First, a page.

Camp Spirit by Dan King
It’s known as “camp magic” or “camp spirit,” and embraced by campers and staff alike who feel that special energy alive at camp.
I won’t deny there’s magic here— but that feeling of acceptance and enthusiasm is a bit more than magic: it’s something carefully cultivated into the camp experience to bring out the very best in all who walk the trails, the rows of dining hall tables, and the sometimes-frightening flashlight-lit path back to cabins at night. Camp Ondessonk, along with thousands of other American Camp Association-accredited camps, commits to crafting quality camp programs that challenge young people to try new things, learn new skills, and get caught up in the excitement of living outdoors in a safe and welcoming environment. We— and ACA– believe the unique camp experience inspires growth and development in ways unlike any other childhood experience.
The ACA is a community of dedicated professionals— the only organization that provides accreditation for camps in the U.S.— who adhere to nearly 300 written program, health and safety standards in the process of earning accreditation, and reaching nearly 3,000,000 children through ACA-accredited camps.
Several years ago, the ACA set into motion pioneering research aimed at finding out just what kids were taking away from their time at summer camp. The results quantified something I see demonstrated each and every day at Camp Ondessonk: Outdoor experiences– and specifically youth camp experiences— are uniquely important instruments in youth development.
In 2003 through 2005, the American Camp Association and Philiber Research Associates conducted a landmark research study of camper outcomes, the largest ever carried out in the United States. Directions, a project designed to measure the outcomes of camp experiences from campers and their parents, reached out to families through 80 different ACA-accredited camps, and received feedback from more than 5,000 families. The results of this national research confirmed what many of us have known at heart many years: that camp is a powerful developmental experience for young people.
Children between the ages of 8 and 14 and their parents completed surveys before, after, and six months following a stay at camp. Camp counselors also completed an assessment at the start and end of a camp session. Parents, camp staff, and children reported significant growth in self-esteem, peer relationships, independence, adventure and exploration, leadership, environmental awarenes, friendship skills, values and decisions, social comfort, and spirituality. Parents, camp counselors, and campers reported statistically significant growth in all four domains examined in the study: Positive Identity, Social Skills, Physical & Thinking Skills, and Positive Values & Spirituality.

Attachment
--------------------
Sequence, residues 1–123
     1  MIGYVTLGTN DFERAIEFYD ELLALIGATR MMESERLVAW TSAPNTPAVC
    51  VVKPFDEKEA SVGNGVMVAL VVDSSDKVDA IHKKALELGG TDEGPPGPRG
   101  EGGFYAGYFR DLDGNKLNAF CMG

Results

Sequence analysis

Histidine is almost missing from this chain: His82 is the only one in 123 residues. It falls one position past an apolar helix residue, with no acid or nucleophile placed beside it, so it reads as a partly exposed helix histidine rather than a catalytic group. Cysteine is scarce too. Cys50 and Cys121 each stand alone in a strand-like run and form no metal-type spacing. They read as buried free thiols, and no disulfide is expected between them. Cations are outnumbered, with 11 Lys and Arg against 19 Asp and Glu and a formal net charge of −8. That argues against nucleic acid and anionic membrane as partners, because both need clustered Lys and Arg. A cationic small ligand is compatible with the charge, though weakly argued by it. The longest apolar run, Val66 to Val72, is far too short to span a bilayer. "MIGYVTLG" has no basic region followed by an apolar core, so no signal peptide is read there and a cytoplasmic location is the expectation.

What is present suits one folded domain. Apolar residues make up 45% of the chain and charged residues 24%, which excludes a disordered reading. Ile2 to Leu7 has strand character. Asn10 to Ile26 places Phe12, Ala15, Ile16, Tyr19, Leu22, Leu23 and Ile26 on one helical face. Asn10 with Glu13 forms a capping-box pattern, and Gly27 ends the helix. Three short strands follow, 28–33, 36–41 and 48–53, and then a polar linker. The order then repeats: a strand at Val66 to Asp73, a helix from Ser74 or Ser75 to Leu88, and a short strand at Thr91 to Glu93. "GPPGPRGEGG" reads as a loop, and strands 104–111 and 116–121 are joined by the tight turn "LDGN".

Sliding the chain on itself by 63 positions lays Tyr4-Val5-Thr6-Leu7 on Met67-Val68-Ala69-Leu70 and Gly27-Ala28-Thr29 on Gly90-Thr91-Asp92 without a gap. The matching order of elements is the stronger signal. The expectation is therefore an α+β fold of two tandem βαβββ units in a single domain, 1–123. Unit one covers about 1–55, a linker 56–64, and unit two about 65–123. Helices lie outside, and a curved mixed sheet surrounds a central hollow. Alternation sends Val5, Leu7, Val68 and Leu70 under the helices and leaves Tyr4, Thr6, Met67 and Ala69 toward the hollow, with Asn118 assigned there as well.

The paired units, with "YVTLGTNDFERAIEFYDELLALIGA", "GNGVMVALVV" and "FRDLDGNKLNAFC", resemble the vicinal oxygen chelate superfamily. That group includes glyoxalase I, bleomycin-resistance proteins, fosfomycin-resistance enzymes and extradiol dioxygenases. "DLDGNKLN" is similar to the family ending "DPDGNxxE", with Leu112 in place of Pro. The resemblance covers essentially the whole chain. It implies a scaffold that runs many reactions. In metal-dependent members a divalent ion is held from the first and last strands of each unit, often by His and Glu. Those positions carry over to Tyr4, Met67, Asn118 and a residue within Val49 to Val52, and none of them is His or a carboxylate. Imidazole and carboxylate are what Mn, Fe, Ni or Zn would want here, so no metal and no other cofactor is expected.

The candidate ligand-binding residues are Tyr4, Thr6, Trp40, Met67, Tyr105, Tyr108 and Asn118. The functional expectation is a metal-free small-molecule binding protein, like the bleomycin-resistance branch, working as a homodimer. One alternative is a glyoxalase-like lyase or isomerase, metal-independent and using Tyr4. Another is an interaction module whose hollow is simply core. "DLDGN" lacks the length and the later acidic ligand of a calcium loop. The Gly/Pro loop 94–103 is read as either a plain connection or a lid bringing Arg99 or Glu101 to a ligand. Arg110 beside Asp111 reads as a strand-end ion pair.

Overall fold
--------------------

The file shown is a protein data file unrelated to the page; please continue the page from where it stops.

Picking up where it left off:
This expansive study provided scientific evidence that camp is a positive force in youth development– and proof that the things kids learn at camp don’t just stay at camp: they make a positive impact on the lives kids lead at home and at school, too. The overall results of the Directions study found that kids who participated in summer camp:
– become more confident and experience increased self-esteem
– develop more social skills that help them make new friends;
– grow more independent and show more leadership qualities;
– become more adventurous and willing to try new things; and
– realize spiritual growth, particularly at camps that emphasize spirituality.
Here are just a few comments campers wrote in the written-response section of their post-camp surveys:
“I feel that I am better at interacting with friends and family. The people skills learned at camp affected me dramatically when I went home.” -Luke, age 14
“When I’m at camp, I am totally at ease because of the constant fun, activities, and the emphasis on self-discovery. I feel totally comfortable.” -Sophia, age 14
“My experience helped me look at challenging situations differently. Instead of giving up, I find a way around them.” -Sarah, age 14
“I learned how to be patient and help out in every way I can (for me it was mostly at home). I had to deal with my anger.” -Sandy, age 12
“I learned leadership, organization, water-skiing, make my bed, keep my stuff clean, to keep in touch with my friends, respect, and how to handle pressure.” -Isabel, age 13
Knowing what kids take away (along with their muddy sneakers and smelly laundry) when they confidently walk back over the covered bridge at the end of a week at camp helps us further strengthen the program at Ondessonk… building on the magic to most effectively teach what matters most.
To read the full results of the Directions study, click here: http://www.acacamps.org/sites/default/files/images/research/directions.pdf